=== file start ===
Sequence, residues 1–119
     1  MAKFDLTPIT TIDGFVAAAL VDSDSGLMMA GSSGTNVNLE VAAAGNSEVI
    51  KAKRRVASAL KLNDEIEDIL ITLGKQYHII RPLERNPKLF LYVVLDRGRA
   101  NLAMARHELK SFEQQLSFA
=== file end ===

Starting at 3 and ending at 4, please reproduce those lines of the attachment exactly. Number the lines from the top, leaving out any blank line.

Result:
    51  KAKRRVASAL KLNDEIEDIL ITLGKQYHII RPLERNPKLF LYVVLDRGRA
   101  NLAMARHELK SFEQQLSFA